It is in the nature of human beings to be apprehensive about change. It is part of our survival programming – we never know whether the unknown will be beneficial, or a threat to our survival. Whenever somebody suggests something new, this automatically triggers the survival mechanism. Some people use this energy to explore and discover ways to improve conditions on the planet, while others take a defensive posture.
This was true in Jesus’ day, when the religious establishment opposed the brash young man who dared to suggest that there was new knowledge that could be beneficial to humanity.
About 450 years ago, shortly after Columbus sailed to America and proved that the earth is round, a scientist named Galileo proclaimed that he had confirmed what Copernicus had figured out – that the earth and the other planets rotate around the sun. This would explain why planets sometimes appear to go backwards in the sky.
In the mid-20th Century a scientist named Jose Silva ran into an opposition from leaders in the church… Silva always insisted that he was not trying to hurt religion or replace it. He simply wanted to add some knew discoveries to what was already known.
However, the religious leaders of the time believed that the earth was at the center of the universe. It had to be so, they reasoned, since man was a divine creation. This had become part of their doctrine, their dogma. Galileo’s assertion upset church leaders so much that they tortured him to force him to recant. But this did not change the reality that the earth in fact does revolve around the sun.
In the mid-20th Century a scientist named Jose Silva ran into similar opposition from leaders in the church, as well as scientists, and even leaders in the business community. Many of us who wanted to explore this new science with him also ran into opposition.
Jose didn’t claim to know it all. He described his research findings as “semi-conclusions” because more will surely be added later. Perhaps he has discovered half of the truth. New research will find even more of it. Here is how he explained it at a Silva International Convention.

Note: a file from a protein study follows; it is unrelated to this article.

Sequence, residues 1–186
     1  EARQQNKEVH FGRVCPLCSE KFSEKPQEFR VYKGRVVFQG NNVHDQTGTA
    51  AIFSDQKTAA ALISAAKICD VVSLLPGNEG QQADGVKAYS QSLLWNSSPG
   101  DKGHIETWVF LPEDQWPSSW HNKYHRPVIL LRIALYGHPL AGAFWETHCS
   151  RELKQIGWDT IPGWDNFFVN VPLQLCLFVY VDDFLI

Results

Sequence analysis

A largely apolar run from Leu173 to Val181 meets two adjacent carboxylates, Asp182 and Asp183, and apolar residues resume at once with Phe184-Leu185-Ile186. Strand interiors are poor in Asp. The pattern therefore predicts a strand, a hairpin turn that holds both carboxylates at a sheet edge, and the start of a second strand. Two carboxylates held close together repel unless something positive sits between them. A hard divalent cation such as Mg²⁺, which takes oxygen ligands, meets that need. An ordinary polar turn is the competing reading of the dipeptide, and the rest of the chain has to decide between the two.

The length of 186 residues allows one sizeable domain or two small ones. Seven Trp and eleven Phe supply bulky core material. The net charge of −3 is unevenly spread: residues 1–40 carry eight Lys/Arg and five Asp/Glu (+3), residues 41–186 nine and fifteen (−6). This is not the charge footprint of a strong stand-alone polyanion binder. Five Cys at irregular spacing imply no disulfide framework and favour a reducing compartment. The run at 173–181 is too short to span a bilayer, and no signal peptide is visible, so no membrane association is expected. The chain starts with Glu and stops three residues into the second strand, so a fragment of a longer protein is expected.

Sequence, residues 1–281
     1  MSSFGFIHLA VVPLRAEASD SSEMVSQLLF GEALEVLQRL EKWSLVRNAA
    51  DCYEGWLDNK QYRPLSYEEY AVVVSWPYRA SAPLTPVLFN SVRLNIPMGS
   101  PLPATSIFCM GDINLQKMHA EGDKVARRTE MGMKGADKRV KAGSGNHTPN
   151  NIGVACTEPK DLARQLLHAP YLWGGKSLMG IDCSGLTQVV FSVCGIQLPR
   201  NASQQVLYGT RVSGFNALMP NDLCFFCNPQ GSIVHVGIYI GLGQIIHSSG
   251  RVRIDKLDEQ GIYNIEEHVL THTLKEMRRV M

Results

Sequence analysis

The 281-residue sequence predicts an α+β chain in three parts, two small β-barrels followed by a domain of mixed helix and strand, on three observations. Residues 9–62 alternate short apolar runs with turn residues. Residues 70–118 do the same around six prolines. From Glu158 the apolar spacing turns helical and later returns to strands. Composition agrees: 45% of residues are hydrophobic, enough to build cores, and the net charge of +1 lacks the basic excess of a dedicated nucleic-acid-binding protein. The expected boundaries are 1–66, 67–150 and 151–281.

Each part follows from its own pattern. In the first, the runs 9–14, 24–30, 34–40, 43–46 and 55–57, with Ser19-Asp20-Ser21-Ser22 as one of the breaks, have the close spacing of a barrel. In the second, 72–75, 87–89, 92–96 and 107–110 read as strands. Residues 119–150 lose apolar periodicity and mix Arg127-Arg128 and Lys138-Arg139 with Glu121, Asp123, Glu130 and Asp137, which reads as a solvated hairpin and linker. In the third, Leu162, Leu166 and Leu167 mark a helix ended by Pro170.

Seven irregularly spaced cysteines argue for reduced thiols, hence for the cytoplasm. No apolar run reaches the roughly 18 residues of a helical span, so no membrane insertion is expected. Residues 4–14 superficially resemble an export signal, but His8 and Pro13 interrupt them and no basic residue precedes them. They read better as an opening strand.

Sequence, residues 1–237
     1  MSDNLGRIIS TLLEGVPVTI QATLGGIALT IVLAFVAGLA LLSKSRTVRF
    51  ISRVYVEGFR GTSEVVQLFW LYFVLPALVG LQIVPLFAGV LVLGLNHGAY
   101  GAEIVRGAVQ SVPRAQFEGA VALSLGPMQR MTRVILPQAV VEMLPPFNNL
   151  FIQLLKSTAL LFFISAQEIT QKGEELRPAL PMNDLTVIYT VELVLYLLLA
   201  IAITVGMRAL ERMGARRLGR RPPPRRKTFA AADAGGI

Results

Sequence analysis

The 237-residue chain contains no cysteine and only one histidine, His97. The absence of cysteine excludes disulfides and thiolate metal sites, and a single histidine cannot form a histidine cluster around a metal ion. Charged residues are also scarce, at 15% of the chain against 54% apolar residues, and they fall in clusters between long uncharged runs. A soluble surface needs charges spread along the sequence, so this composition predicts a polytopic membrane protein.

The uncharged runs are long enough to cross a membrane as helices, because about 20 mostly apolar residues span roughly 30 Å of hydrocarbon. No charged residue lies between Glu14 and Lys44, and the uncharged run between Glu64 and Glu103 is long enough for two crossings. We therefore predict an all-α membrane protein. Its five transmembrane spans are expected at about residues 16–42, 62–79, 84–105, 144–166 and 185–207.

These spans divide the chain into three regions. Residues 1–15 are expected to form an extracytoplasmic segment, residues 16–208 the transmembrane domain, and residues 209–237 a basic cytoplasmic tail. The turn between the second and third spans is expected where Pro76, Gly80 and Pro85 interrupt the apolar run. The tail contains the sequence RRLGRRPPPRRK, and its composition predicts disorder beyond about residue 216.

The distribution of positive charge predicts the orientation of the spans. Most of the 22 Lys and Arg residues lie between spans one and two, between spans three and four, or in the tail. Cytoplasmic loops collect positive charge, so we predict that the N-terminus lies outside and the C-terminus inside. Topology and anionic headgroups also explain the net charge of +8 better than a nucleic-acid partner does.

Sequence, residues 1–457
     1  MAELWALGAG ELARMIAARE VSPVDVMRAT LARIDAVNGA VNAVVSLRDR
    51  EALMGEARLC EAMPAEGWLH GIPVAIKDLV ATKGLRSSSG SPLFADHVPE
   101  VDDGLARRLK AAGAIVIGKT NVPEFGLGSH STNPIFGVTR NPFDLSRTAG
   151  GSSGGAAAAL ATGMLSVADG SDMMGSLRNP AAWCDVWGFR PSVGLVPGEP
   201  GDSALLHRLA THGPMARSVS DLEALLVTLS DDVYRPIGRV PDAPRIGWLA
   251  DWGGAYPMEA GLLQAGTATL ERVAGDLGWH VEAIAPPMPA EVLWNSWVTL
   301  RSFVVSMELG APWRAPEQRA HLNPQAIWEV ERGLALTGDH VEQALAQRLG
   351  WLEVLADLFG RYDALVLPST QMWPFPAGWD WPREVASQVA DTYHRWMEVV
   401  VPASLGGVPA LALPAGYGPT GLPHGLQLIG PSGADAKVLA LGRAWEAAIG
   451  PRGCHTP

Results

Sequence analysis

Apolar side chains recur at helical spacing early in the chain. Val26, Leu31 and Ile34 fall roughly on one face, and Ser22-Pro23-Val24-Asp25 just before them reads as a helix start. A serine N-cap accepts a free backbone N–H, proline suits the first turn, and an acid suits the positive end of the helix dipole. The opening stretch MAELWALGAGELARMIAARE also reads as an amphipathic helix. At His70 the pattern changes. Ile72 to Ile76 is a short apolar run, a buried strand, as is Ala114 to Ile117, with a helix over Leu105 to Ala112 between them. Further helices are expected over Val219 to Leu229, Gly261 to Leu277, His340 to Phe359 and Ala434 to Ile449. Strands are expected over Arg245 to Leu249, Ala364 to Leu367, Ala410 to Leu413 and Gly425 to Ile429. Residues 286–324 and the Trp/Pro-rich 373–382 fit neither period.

“We learned how to activate our brain within the subconscious by guiding the mind to look for a different brain frequency and to learn to use it,” he said. “That’s what psychorientology means – orienting the psyche, your mind, to look for and find that specific dimension, and then to use it.”
“Science is open-ended all the time,” Jose continued. “It is like a telescope – if you get a better telescope, you discover more planets, more solar systems, more galaxies. If you discover a better microscope, you go further within matter.”
Surely someone will get a better “telescope” some day and learn even more in this field. It will not negate what Jose Silva found. When scientists figured out that there was some kind of body that was influencing the orbits of the outermost planets, they predicted that there was one more planet on the outskirts of our solar system. They did not have a powerful enough telescope at the time, but when they got one, they could actually see the planet Pluto.
The discovery of Pluto did not change what scientists had already discovered. Mercury, Venus, Earth, Mars, and the other planets were still there. Scientists had simply gone farther. Jose Silva always insisted that he was not trying to hurt religion or replace it. He simply wanted to add some knew discoveries to what was already known.
The experiences of millions of people during the last decades, since Jose Silva began his research, certainly indicate that his discoveries have tremendous value.